Vessels moor alongside a quay built on a remarkable sandspit, which protects Lobito Bay and provides a large area of smooth water. This sandspit is about three miles long by about 250 yds wide. Its sides shelve so steeply that large vessels may approach within a few yards of it.
It is the second most important town in the Portuguese Colony of Angola. It is considered the best harbour on the West African coast.
Lobito is the terminus of the Benguela Railway, which crosses the Colony to the Congo border where it connects with the line through Belgian territory and so, by way of Northern and Southern Rhodesia, provides direct rail communication with all parts of Southern Africa. The rail distance to Cape Town is 3,610 miles.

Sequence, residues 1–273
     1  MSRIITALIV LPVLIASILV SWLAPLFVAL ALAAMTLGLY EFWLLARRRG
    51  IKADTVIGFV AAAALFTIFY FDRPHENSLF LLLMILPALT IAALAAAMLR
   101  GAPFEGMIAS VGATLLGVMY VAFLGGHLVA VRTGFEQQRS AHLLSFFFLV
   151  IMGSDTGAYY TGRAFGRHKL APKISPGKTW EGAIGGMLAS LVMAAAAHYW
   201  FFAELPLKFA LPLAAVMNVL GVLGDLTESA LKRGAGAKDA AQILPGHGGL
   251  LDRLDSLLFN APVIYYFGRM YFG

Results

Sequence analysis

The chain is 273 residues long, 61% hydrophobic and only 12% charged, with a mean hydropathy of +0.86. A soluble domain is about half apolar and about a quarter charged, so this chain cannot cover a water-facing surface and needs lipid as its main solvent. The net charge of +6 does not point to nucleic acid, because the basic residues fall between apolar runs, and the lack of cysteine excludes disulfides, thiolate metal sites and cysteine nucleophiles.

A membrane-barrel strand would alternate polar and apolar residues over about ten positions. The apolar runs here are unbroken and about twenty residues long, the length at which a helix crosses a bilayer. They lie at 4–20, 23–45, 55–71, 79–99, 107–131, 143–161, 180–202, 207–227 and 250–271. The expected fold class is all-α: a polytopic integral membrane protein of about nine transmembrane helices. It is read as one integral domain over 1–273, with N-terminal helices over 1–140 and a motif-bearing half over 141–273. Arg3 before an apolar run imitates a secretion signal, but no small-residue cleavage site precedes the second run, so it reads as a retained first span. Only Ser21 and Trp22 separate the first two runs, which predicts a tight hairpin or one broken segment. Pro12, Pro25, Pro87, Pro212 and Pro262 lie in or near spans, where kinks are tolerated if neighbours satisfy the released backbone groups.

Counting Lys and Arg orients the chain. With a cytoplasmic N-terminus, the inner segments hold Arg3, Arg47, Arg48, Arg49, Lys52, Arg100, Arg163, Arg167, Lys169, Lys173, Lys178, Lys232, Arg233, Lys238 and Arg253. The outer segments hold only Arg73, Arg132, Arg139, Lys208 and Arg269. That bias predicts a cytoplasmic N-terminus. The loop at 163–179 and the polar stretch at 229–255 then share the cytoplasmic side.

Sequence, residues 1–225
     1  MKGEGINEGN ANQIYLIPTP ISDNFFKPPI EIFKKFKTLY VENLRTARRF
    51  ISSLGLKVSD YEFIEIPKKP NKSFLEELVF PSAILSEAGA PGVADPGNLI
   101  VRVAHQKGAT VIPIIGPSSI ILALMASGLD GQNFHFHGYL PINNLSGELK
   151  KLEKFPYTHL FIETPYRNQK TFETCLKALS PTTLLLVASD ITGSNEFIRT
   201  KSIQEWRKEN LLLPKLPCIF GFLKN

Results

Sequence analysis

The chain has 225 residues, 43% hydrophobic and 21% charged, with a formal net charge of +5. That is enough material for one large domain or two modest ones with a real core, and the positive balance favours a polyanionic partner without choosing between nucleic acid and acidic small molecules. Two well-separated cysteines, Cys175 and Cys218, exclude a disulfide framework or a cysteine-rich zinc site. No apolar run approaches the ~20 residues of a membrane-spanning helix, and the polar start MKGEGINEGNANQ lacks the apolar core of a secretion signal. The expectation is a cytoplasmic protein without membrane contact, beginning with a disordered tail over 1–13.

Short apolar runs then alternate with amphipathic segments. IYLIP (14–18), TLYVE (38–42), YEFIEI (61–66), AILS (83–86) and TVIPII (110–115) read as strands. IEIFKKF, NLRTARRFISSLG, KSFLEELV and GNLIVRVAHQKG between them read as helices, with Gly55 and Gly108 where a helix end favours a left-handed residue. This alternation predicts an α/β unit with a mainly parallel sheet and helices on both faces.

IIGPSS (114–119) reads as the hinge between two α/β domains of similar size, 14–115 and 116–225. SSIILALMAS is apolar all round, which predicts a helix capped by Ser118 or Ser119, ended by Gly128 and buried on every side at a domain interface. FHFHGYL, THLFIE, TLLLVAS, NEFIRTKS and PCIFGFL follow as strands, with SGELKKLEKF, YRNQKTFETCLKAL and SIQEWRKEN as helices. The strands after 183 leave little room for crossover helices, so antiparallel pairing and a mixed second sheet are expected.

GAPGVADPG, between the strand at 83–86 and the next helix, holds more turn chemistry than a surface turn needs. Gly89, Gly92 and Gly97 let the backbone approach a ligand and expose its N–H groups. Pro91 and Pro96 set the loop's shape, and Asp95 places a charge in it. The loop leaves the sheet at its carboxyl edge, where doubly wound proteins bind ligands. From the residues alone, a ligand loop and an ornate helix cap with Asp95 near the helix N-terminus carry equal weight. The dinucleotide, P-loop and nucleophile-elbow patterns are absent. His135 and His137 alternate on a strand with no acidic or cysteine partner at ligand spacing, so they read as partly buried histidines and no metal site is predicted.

The chief exports of Lobito are maize, beeswax, hides, sugar, salt, oil seeds, beans, sisal and manioc.
The coast was discovered by the Portuguese navigator Diogo Cão in 1482 and points have been occupied by the Portuguese since 1505, except from 1641 to 1648 when they were in Dutch hands.
The port of Benguela, which lies 20 miles away, is a town older than Cape Town and the first fort was built there in 1587.